19 September 2017 by VegettoEX
18 September 2017 by VegettoEX
15 September 2017 by VegettoEX
Starting in 2003 and ending in 2005, Toei Animation, in cooperation with the DVD manufacturing company Pony Canyon, released a series of four box sets covering the entire Dragon Ball TV series property. In 2006, Toei Animation dropped Pony Canyon and released all of the Dragon Ball movie properties on their own in the fifth and final Dragon Box.
The Dragon Boxes were limited items in the truest sense of the word. An order start date would be announced several months in advance, as well as an order deadline. The ordering windows were typically several months in length, and all manufacturing of the box sets were based solely on the number of orders received. In other words, they only made enough boxes to satisfy the orders made within the given timelines, after which point production on the boxes ended indefinitely. With so few actual Dragon Boxes in circulation (most of which already in the loving arms of Dragon Ball fans), it makes finding these boxes nowadays somewhat difficult.
|Order Start Date:||N/A|
|Order Deadline:||28 February 2005|
|Announced Date:||25 May 2005|
|Delayed Release:||15 June 2005|
|Original Copyright:||1996 – 1997|
|Property Holders:||Bird Studio / Shueisha / Toei Co. Ltd. / Fuji TV|
|Encoding:||Region 2 / NTSC (Japan)|
|Discs:||11 discs + 1 special disc|
|Disc Format:||Single Sided / Dual Layered (discs 1-11)
Single Sided / Single Layered (disc 12)
|Video Format:||4:3 Standard Size|
|Running Time:||Approximately 1,600 minutes|
|Contains:||Dragon Ball GT episodes 01 through 64 (complete series), plus bonus features|
|Audio Format:||2.0ch monaural (presented in Dolby Digital)
TV Special presented in Dolby Digital stereo
— Specially designed box
— Picture labeled discs (uncommon for Japanese DVDs)
— 64-page book (fully colored)
— Capsule Corp. TV/DVD “Dragon Radar” remote controller
— Delay Bonus: Zenny, online questionnaire access, and a special desktop wallpaper
The box uses a special design made specifically for the Dragon Box series. It is a large solid box, inside of which it contains a series of “DVD books”. The outer box contains the Dragon Box GT logo on the front and spine, with a beautiful collage of Son Goku that wraps around the entire box. The box art was done by veteran Toei Animation artist Katsuyoshi Nakatsuru, which shows Goku’s progression from a baby, right up to Super Saiyan 4. As you can also see below, when the spines of the DVD books are placed together they create a large “DBGT”, with the full title of the box and number labeling right beneath it.
|Box Dimensions:||Height – 10 ¾ inches|
|Width – 7 ¾ inches (across the front)|
|Depth – 2 ½ inches (across the spine)|
On the front of each book we can see some more fantastic artwork by Katsuyoshi Nakatsuru. Across the three DVD books we essentially have four main images: Child Son Goku, Super Saiyan Son Goku, Super Saiyan 3 Son Goku, and Super Saiyan 4 Son Goku. There are also a couple small images of Super Saiyan Child Son Goku, but for the most part the designs on the books follow the main theme of Son Goku’s growth throughout the series. On either side of the interior of each book is a nice purple transparent plastic sheet which holds the discs in place. Under each disc is a big red star, a portion of the box’s title, and the disc number. The episode titles are also listed here, but they actually wrap around the discs, making it possible to see the episodes for that respective disc without having to actually remove it (such as with the Dragon Ball Dragon Box).
|DVD Book Dimensions:||Height – 10 ¼ inches|
|Width – 7 ½ inches (across the front)|
|Depth – 5/8 inches (across the spine)|
The labels on the discs are a collage of images taken from the episodes present on that disc, topped off with a quote from a particular episode’s title, giving you an idea of what actually happens on that disc.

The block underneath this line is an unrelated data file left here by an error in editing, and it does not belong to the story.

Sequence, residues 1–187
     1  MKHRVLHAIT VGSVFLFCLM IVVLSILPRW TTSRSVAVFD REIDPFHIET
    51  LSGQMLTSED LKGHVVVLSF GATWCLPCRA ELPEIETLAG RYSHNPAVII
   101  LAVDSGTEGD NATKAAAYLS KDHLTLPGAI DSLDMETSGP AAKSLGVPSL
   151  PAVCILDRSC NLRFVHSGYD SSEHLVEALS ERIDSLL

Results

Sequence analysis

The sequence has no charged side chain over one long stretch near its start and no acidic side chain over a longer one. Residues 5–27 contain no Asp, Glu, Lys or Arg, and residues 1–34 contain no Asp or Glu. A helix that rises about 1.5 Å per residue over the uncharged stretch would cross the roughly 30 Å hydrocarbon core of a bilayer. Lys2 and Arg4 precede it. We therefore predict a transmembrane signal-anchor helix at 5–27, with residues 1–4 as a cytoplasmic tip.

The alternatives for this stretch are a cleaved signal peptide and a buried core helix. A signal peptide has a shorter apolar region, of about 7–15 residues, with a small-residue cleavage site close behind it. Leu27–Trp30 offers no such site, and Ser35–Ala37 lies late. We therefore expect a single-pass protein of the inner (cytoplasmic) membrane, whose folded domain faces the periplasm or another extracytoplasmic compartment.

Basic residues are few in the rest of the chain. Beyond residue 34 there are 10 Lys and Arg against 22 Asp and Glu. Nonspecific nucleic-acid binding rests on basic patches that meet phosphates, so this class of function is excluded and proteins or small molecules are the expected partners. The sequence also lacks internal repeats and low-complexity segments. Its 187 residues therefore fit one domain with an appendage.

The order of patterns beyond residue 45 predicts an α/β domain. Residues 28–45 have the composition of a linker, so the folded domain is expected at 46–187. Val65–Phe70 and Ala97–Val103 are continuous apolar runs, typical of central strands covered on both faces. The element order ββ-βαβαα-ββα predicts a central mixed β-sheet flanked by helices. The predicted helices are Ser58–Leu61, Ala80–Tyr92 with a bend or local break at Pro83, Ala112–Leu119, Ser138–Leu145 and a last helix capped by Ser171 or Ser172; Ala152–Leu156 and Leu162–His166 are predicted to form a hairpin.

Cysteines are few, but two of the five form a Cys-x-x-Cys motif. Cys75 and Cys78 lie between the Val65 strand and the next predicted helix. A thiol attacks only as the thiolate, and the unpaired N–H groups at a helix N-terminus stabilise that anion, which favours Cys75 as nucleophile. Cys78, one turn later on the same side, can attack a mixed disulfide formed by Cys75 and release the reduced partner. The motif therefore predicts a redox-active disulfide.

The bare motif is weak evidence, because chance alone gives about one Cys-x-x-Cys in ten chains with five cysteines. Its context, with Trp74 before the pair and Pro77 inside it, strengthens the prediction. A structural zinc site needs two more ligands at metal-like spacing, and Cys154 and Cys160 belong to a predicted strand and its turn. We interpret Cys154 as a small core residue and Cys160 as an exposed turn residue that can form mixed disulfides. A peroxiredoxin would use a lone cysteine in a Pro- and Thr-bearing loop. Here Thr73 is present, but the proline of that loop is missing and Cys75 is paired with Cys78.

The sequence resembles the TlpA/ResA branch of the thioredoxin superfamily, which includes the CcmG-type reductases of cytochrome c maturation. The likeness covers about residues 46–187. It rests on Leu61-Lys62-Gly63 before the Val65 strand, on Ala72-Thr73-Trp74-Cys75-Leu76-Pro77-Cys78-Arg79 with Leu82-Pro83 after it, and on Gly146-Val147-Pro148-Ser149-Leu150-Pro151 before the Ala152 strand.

The DVDs open with a little Dragon Box GT animation. The text “Shueisha, Fuji Television, and Toei Animation Presents” flies onto the screen. A Dragon Ball then smashes it apart and the full box title flies onto the screen. Two Dragon Balls then smash the title a couple times, condensing it down to just “DBGT”, creating the box set’s actual logo.
The main menu is an image of Super Saiyan 4 Son Goku, with asteroids and stuff flying around in space behind him. Meanwhile, a beautiful stereo version of the GT episode recap music is playing in the background, with some light “spaceship noises” on top of it. You are given the options of “All Play”, “Story Mode”, and “Episode Select”. “All Play” simply plays all the episodes in order, while “Story Mode” plays all episodes, but removes the openings, endings, and previews. If you choose “Episode Select” the Dragon Balls above Son Goku’s head will collect together, Son Goku will “instantaneously move” away, and you are taken to the episode menus. The episode menus are a static image of Shenlong in space, with a bunch of asteroids and Giru flying around in the background. The music is now gone and all you can hear is the humming of the spaceship and some beeping noises, presumably from the ships control panel.
The menu on the special disc is the exact same as noted above, except that it gives you the options of either “TV Special” or “Special Features” on the main menu. When you select “TV Special”, obviously it will play, and if you select “Special Features”, it will take you to a menu identical to the episode menus.
So what exactly are you getting for your money, and what sets this DVD box set apart from other releases? The answer is quite simple, and it’s that with this box set you are truly getting the purest presentation of Dragon Ball GT possible.
Presented here are the full episodes from start to finish, as they aired on TV over two decades ago (and counting). This includes the complete opening credits, ending credits and episode previews, which are not available outside of the Dragon Box release (although they are now available on the Japanese individual disc releases).
For these DVDs they actually pulled the original 16mm film reels out of cold storage, and used them as the primary source material. All previously released Dragon Ball content (even the original Fuji TV airings) were based off either the master tapes (copies of the 16mm film), or copies of the masters. Since the 16mm film is actually the original photography of the animation cels, what you are seeing when viewing these discs is essentially the original cel animation, almost as fresh as the day it was painted!